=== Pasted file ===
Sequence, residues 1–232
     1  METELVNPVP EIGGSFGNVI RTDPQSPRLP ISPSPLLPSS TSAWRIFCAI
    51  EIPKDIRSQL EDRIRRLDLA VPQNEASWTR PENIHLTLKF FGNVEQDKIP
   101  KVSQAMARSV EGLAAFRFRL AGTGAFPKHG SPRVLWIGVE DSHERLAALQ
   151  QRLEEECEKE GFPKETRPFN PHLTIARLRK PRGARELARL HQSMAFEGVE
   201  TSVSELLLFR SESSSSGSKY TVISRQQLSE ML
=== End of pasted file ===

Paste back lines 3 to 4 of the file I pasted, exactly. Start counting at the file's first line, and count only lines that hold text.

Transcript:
    51  EIPKDIRSQL EDRIRRLDLA VPQNEASWTR PENIHLTLKF FGNVEQDKIP
   101  KVSQAMARSV EGLAAFRFRL AGTGAFPKHG SPRVLWIGVE DSHERLAALQ